Erika Beras

General Assignment Reporter

Erika Beras was 90.5 WESA’s Behavioral Health reporter and now does General Assignment and Feature reporting. Her work has aired on NPR, the BBC and other networks. She has won local and national awards for her reporting; among them a fellowship from The International Center for Journalists to travel to Poland and report on shale and energy in 2012. Prior to coming to Pittsburgh Erika was a reporter at The Miami Herald. She is a graduate of Columbia University’s Graduate School of Journalism.


Ways to Connect

The city of Pittsburgh and the Pittsburgh Downtown Partnership announced Envision Downtown on Thursday, a public-private partnership that aims to create more “complete streets” downtown. That means a better experience for pedestrians, improved transportation and better use of land.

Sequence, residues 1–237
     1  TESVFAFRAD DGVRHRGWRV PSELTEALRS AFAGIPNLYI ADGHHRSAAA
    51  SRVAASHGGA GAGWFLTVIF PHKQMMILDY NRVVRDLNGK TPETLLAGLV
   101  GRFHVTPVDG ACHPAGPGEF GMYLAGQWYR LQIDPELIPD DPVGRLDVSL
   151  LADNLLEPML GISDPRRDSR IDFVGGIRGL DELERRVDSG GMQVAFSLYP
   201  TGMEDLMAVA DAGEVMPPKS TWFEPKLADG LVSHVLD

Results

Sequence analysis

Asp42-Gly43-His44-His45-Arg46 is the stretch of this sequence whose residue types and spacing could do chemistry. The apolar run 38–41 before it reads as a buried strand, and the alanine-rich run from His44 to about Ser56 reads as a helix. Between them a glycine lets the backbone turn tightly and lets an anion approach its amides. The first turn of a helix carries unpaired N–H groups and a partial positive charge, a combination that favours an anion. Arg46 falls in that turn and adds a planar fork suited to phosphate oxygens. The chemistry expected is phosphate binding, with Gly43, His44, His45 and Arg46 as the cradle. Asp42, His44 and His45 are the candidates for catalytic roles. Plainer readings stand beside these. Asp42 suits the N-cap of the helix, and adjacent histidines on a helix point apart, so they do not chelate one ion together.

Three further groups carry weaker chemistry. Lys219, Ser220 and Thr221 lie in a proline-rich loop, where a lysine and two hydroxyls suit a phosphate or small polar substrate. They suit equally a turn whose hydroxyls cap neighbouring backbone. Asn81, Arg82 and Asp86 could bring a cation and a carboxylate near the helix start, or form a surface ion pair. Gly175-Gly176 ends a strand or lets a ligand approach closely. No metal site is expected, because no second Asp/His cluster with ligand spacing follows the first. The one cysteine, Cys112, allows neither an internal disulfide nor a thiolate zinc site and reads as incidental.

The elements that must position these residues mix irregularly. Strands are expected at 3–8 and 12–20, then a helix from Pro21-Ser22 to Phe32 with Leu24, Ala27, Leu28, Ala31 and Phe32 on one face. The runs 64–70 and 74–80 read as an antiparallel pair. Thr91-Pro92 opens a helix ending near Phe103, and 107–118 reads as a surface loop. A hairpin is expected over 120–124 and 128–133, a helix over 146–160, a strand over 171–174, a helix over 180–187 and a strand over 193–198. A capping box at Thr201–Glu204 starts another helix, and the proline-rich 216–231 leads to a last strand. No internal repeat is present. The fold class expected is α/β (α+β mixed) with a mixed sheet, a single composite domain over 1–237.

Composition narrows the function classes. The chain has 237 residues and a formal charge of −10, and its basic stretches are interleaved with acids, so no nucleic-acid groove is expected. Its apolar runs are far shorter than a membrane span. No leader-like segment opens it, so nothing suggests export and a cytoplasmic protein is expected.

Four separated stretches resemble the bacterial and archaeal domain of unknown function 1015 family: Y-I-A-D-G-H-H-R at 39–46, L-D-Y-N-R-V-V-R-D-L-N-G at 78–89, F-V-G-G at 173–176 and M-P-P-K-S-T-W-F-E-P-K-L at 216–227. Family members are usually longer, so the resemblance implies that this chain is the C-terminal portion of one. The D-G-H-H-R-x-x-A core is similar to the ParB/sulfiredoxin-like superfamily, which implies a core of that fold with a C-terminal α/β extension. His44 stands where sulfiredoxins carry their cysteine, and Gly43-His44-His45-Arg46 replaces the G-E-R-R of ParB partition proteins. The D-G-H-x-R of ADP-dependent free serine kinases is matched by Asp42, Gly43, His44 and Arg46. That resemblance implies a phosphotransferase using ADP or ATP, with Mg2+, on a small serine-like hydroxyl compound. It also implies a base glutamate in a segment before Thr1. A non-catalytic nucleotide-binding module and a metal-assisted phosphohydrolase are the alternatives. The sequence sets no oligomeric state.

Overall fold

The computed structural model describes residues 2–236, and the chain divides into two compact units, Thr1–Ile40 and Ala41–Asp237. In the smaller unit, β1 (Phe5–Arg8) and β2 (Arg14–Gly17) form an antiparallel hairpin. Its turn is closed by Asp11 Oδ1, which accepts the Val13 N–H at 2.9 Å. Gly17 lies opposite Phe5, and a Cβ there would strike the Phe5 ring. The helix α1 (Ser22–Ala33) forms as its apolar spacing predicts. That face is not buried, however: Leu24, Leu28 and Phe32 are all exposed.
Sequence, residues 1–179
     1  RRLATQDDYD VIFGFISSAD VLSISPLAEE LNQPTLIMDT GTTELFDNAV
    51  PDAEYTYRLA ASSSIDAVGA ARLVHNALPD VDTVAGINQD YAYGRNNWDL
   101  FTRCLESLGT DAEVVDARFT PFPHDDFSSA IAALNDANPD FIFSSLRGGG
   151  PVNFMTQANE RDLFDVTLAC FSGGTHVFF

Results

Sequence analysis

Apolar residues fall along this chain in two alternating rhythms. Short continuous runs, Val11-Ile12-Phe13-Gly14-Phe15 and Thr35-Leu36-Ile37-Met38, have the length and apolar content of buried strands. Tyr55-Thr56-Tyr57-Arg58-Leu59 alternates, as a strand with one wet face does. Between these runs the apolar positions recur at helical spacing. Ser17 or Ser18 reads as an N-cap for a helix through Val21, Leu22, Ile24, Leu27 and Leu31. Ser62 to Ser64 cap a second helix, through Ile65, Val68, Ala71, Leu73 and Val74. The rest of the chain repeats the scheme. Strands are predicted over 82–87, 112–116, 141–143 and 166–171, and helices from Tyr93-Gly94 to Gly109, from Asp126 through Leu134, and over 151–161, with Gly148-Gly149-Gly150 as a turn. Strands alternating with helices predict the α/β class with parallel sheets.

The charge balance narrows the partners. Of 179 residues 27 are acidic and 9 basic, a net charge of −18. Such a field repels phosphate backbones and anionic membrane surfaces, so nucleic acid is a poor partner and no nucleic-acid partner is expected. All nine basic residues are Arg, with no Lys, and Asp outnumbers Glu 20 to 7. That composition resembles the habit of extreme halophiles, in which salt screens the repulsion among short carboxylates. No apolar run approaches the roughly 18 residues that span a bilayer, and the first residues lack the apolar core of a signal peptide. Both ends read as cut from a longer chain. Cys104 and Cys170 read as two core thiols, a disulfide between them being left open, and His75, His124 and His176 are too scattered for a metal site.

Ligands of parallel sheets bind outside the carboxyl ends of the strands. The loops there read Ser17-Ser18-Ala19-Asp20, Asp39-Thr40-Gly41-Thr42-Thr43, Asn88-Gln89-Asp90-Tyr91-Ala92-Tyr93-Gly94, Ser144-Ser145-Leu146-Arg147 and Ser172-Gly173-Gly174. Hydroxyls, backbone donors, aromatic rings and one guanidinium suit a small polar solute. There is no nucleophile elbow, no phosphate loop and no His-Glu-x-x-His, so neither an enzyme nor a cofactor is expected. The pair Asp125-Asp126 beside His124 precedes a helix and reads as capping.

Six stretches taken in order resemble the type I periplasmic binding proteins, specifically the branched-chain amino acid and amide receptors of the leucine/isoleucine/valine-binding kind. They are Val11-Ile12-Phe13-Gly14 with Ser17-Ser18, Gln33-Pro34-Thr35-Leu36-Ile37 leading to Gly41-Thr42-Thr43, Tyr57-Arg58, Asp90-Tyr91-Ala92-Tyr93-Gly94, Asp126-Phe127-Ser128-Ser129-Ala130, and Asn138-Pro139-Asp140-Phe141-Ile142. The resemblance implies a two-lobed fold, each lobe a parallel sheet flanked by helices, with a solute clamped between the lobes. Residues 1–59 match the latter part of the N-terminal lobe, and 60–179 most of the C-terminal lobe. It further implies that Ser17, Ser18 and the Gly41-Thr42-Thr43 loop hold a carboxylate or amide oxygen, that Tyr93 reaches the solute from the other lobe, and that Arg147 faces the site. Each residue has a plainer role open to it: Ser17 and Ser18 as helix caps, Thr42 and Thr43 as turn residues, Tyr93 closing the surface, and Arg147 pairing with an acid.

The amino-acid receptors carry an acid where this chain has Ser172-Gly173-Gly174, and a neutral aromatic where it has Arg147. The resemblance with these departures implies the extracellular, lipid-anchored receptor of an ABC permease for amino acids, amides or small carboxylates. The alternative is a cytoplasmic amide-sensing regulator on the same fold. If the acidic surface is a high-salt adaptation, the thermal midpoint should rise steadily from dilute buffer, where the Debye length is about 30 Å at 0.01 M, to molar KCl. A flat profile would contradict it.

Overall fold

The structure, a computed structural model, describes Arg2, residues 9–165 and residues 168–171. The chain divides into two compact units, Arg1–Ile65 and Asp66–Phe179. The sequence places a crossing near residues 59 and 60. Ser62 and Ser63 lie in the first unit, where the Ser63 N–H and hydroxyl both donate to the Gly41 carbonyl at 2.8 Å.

The city of Pittsburgh is looking for interns, and unlike in years past, all prospective interns must apply through the Department of Personnel and Civil Service Commission.

“It was not a centralized process or program at all," said Todd Siegel, director of the city's Department of Personnel and Civil Service Commission. "Each individual department should they have had a need for interns whether they be paid or unpaid went about securing their interns on their own.”

If they were paid, the personnel department was involved to process the paperwork.

State Sen. Sean Wiley (D-Erie) has introduced Senate Bill 128, which would address the cost and performance of cyber-charter schools that aren’t related to school districts. In those schools, each is paid the same amount per student per district. That fluctuates depending on the district.

In one part of the state you’d be paying $6,000 per student, and in other parts of the state the payment is as high as $15,000 per student. That adds up to over $400 million a year.

“This is a complete draw on our public school system,” Wiley said.